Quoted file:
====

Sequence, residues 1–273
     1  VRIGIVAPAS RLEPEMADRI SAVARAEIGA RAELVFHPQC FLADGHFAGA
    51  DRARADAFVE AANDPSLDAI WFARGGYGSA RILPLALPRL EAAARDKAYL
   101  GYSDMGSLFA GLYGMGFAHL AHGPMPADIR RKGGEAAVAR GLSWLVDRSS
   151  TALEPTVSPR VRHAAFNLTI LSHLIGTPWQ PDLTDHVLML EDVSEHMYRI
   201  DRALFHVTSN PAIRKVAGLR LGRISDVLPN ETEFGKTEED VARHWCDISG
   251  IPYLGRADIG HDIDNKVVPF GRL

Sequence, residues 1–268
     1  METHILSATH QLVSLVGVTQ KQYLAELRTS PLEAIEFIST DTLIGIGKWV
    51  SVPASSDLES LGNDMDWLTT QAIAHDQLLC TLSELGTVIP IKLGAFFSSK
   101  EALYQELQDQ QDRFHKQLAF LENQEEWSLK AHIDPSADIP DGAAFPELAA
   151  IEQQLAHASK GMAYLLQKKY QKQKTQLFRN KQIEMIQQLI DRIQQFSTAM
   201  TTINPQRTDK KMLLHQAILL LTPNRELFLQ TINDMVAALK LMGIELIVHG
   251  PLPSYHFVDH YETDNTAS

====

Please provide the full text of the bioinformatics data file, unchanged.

Sequence, residues 1–273
     1  VRIGIVAPAS RLEPEMADRI SAVARAEIGA RAELVFHPQC FLADGHFAGA
    51  DRARADAFVE AANDPSLDAI WFARGGYGSA RILPLALPRL EAAARDKAYL
   101  GYSDMGSLFA GLYGMGFAHL AHGPMPADIR RKGGEAAVAR GLSWLVDRSS
   151  TALEPTVSPR VRHAAFNLTI LSHLIGTPWQ PDLTDHVLML EDVSEHMYRI
   201  DRALFHVTSN PAIRKVAGLR LGRISDVLPN ETEFGKTEED VARHWCDISG
   251  IPYLGRADIG HDIDNKVVPF GRL

Sequence, residues 1–268
     1  METHILSATH QLVSLVGVTQ KQYLAELRTS PLEAIEFIST DTLIGIGKWV
    51  SVPASSDLES LGNDMDWLTT QAIAHDQLLC TLSELGTVIP IKLGAFFSSK
   101  EALYQELQDQ QDRFHKQLAF LENQEEWSLK AHIDPSADIP DGAAFPELAA
   151  IEQQLAHASK GMAYLLQKKY QKQKTQLFRN KQIEMIQQLI DRIQQFSTAM
   201  TTINPQRTDK KMLLHQAILL LTPNRELFLQ TINDMVAALK LMGIELIVHG
   251  PLPSYHFVDH YETDNTAS